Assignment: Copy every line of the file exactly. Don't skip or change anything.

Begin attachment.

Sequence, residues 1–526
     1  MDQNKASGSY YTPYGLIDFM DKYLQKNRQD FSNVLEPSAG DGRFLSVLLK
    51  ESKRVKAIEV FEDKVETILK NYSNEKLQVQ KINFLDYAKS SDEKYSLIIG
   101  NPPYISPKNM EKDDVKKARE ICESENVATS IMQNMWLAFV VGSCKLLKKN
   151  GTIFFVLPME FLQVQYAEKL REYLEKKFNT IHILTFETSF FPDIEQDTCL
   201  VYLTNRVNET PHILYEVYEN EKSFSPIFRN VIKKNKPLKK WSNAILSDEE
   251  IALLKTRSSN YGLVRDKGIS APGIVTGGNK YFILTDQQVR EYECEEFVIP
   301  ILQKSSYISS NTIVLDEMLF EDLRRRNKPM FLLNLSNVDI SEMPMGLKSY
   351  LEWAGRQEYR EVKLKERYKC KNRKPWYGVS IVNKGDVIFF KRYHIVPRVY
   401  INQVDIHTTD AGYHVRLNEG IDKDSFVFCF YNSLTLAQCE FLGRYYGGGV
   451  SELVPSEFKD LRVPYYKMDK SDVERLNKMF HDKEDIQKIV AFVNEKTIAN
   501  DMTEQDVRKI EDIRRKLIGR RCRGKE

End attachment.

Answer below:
Sequence, residues 1–526
     1  MDQNKASGSY YTPYGLIDFM DKYLQKNRQD FSNVLEPSAG DGRFLSVLLK
    51  ESKRVKAIEV FEDKVETILK NYSNEKLQVQ KINFLDYAKS SDEKYSLIIG
   101  NPPYISPKNM EKDDVKKARE ICESENVATS IMQNMWLAFV VGSCKLLKKN
   151  GTIFFVLPME FLQVQYAEKL REYLEKKFNT IHILTFETSF FPDIEQDTCL
   201  VYLTNRVNET PHILYEVYEN EKSFSPIFRN VIKKNKPLKK WSNAILSDEE
   251  IALLKTRSSN YGLVRDKGIS APGIVTGGNK YFILTDQQVR EYECEEFVIP
   301  ILQKSSYISS NTIVLDEMLF EDLRRRNKPM FLLNLSNVDI SEMPMGLKSY
   351  LEWAGRQEYR EVKLKERYKC KNRKPWYGVS IVNKGDVIFF KRYHIVPRVY
   401  INQVDIHTTD AGYHVRLNEG IDKDSFVFCF YNSLTLAQCE FLGRYYGGGV
   451  SELVPSEFKD LRVPYYKMDK SDVERLNKMF HDKEDIQKIV AFVNEKTIAN
   501  DMTEQDVRKI EDIRRKLIGR RCRGKE